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10.0 out of 10
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8.25 out of 10

Friday, June 14, 2013

Man of Steel


Return to Greatness

8.5 out of 10 | Movie and DVD

Rated: PG-13  Intense sequences of sci-fi violence, action and destruction, and for some language
Release Date: July 14, 2013
Runtime: 2 hours 23 minutes

Director: Zack Snyder
Writers: Davis S. Goyer, Christopher Nolan, based on a character created by Jerry Siegel and Joe Shuster
Cast: Henry Cavill, Amy Adams, Michael Shannon, Diane Lane, Russell Crowe, Christopher Meloni, Antje Traue, Kevin Costner, Laurence Fishburne

SYNOPSIS:  A young itinerant worker is forced to confront his secret extraterrestrial heritage when Earth is invaded by members of his race.

REVIEW: Zack Synder, the visionary director of 300, the Dawn of the Dead remake, and Sucker Punch, takes on a 75 year old alien super being that has had its own share of triumphs and failures. Based on a story from David S. Goyer (The Dark Knight trilogy) and Christopher Nolan (Inception) from the character created by Joe Shuster and Jerry Siegel, we are granted access to a familiar hero with a brand new look and feel.

On a planet name Krypton, scientific advisor Jor-El pleas with the council to save the planet's citizens by expanding out to the stars. When his words go unheeded and the planet continues to deteriorate, Jor-El and Lara fight to save their infant male child from the imminent destruction of the planet. General Zod (Michael Shannon, Premium Rush), in an attempt to take over rule, fails and is sentenced to exile in to the Phantom Zone with several of his officers. Infant Kal-El is jettisoned off-planet in an escape ship, making its way to Earth to be found by Jonathan (Kevin Costner, Hatfields and McCoys) and Martha Kent (Diane Lane, Secretariat) to be raised under the name Clark (Henry Cavill). As Clark grows up, the Kents realized that he is a special child and teach him that he must keep his powers and abilities a secret until such time that the world would come to accept and embrace him. 33 years later, Clark is searching for his heritage and clues to what to do next. Eventually Daily Planet journalist Lois Lane (Amy Adams, Trouble with the Curve) finds out about his alien nature and abilities. As Clark learns more of hi past from a hologram of his father, General Zod and his soldiers arrive on Earth and demand that the son of Jor-El be turned over to him or the planet will suffer. Clark must decide whether to give himself up for the sake of the planet citizens or fights against superior forces to save his adopted planet.

David S Goyer, Christopher Nolan and Zack Snyder take the story of Superman in a new direction from the earlier more charming films by the Donner or Singer. What we have is a more grounded and realistic portrayal of the man in the red cape. Just as Nolan deconstructed and rebuilt Christian Bale as a more urban and tangible Batman, Snyder and Goyer creates a superman who is accessible and just this side of fantastic. As you watch Superman hover in midair with his red cape flowing behind him, you get a sense that his abilities are almost possible.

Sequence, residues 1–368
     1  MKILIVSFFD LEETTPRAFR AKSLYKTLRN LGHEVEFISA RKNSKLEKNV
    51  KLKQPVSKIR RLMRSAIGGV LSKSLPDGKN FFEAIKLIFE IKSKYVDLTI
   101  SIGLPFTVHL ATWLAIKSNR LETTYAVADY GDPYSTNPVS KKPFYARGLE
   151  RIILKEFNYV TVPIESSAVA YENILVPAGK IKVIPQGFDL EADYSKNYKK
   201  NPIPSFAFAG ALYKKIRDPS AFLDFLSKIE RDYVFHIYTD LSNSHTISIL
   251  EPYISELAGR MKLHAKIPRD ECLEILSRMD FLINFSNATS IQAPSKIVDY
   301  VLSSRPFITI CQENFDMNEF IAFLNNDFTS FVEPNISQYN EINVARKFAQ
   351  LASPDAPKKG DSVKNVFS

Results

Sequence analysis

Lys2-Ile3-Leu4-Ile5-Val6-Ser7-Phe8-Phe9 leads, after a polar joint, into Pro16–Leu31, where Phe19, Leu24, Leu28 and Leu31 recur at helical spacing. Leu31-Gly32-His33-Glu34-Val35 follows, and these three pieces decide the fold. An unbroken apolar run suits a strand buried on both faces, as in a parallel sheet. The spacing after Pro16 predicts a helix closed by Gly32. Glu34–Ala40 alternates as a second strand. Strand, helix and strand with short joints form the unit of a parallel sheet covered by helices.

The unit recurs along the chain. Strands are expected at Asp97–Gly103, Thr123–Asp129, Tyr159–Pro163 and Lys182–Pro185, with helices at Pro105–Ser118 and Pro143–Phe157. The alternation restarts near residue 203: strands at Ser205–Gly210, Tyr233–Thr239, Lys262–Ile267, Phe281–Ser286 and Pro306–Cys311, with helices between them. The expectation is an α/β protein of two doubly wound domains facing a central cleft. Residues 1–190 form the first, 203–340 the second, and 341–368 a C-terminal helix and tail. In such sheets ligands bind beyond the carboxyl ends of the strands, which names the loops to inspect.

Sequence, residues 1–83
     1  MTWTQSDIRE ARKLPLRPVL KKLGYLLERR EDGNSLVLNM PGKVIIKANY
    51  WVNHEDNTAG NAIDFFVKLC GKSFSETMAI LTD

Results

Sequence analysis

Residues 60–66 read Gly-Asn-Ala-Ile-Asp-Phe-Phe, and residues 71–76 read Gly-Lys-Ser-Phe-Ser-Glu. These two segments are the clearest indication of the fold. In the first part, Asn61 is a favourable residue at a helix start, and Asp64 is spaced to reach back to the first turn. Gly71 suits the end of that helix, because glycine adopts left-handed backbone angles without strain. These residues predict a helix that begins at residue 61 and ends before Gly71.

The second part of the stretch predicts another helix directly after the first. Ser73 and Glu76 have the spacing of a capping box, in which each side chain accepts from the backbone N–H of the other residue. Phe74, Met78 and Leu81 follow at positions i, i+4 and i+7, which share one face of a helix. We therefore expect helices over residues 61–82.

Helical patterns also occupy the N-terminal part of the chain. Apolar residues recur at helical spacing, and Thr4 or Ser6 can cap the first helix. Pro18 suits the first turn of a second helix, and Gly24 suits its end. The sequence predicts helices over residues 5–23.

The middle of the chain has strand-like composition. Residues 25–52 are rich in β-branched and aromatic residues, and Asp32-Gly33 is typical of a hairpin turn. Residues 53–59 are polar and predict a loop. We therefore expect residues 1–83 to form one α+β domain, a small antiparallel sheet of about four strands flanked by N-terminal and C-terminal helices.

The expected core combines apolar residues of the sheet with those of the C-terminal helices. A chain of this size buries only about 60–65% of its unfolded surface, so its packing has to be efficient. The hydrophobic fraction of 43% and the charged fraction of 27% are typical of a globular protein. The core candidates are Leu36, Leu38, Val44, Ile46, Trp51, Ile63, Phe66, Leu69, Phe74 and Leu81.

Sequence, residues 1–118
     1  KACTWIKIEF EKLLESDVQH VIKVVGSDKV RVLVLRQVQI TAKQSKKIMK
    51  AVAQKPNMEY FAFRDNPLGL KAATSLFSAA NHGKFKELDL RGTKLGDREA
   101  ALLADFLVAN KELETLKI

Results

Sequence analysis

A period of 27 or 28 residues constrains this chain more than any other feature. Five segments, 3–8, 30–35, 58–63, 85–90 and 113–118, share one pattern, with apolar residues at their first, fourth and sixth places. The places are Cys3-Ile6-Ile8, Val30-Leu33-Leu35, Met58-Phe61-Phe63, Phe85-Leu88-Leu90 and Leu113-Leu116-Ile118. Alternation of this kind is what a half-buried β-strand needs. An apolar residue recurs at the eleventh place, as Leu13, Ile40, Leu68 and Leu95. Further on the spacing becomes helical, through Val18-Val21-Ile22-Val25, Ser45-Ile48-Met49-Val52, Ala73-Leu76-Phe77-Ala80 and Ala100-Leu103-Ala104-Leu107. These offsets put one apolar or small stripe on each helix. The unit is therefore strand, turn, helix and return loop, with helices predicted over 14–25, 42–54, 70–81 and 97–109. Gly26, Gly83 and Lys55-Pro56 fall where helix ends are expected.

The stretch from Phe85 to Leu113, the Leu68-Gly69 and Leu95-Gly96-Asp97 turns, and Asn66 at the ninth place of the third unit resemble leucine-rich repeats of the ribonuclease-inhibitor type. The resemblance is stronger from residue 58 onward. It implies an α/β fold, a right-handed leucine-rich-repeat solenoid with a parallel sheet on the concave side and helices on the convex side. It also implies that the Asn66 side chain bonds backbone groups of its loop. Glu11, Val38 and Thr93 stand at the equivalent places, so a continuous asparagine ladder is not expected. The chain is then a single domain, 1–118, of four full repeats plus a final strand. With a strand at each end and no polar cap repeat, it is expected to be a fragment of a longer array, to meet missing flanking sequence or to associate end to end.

Coming in at 143 minutes, Man of Steel is a lengthy portrait of of Kal-El / Clark's genesis and journey of self-discovery. With clever use of flashbacks, the audience get glimpses of moments in Clark's childhood – including the manifestation of his powers, saving a school bus full of classmates with the repercussions that follow, and an adult Clark out on the road doing good deeds while staying in the background shadows.

Michael Shannon's Zod is as ruthless and driven as the Terence Stamp version in the classic Superman II. Shannon's Zod is not crazy by any stretch, simply driven to fulfill his genetic destiny. Several unknown cinematic myths about Kal-El and Kryptonian history is explained, including that all Kryptonians are genetically created for a specific role in the class system a la 'A Brave New World'. From the purpose and initial donning of the blue and red suit, to the planet's landscapes and animals, to the advanced sciences and technology that Kryptonians use to expand their colonization of the galaxy and the destruction of their own world, Man of Steel takes the superman in a different direction from the previous films.

With a stellar expanded origin that leads into a completely different adulthood of the man we know as Superman, the movie introduces other character in the middle of the film that tend to lag just a bit. But once General Zod and his soldiers come to the planet to claim their exiled citizen, the story and action rises to the next level. The batte scenes between Superman and Zod's henchmen - then Zod himself - seem to go on forever. Some of the action sequences look like they came straight out of the DC universe mass online role play game prologue. The level of mass destruction is epic as these two titans - Kal-El and Zod - fight in and above the Metropolis cityscape

Zack Snyder does a great job keeping the film seamless, adding an alien perspective to the films plot lines and making Man of Steel much more then a battle of brawn versus brains. Finally, we have a villain that does not include Lex Luthor at its core. Luthor's name only comes into play on the side of some gas tanker trucks.

The film could be a little tighter, meandering a while in the middle with some of the storyline development. And some of the dialogue and action sequences seem repetitive. But the actors are perfectly cast throughout. The storytelling, although trying to tell too much at times, is a breath of fresh air for the renewed franchise. In a word, Man of Steel is super!

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